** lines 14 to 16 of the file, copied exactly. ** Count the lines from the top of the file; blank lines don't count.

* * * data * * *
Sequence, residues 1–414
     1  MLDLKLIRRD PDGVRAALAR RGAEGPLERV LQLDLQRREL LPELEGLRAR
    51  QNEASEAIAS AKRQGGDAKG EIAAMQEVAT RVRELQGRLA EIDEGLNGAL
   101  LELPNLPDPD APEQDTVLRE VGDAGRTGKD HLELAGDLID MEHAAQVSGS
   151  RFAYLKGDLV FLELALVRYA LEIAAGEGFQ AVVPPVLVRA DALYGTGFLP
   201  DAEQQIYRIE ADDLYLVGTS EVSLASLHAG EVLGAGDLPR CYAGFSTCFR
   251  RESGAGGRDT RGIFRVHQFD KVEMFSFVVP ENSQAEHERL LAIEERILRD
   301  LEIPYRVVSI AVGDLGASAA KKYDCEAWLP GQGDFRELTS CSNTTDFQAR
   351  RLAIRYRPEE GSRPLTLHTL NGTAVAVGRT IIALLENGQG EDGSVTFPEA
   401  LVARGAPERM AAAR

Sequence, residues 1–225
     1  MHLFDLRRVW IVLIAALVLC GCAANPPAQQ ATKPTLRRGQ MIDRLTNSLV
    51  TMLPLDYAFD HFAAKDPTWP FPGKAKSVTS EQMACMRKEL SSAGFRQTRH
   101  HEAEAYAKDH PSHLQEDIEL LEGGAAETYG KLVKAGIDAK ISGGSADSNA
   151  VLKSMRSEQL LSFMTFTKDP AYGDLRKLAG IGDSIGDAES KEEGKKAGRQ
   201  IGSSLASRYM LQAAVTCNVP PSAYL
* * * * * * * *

   101  HEAEAYAKDH PSHLQEDIEL LEGGAAETYG KLVKAGIDAK ISGGSADSNA
   151  VLKSMRSEQL LSFMTFTKDP AYGDLRKLAG IGDSIGDAES KEEGKKAGRQ
   201  IGSSLASRYM LQAAVTCNVP PSAYL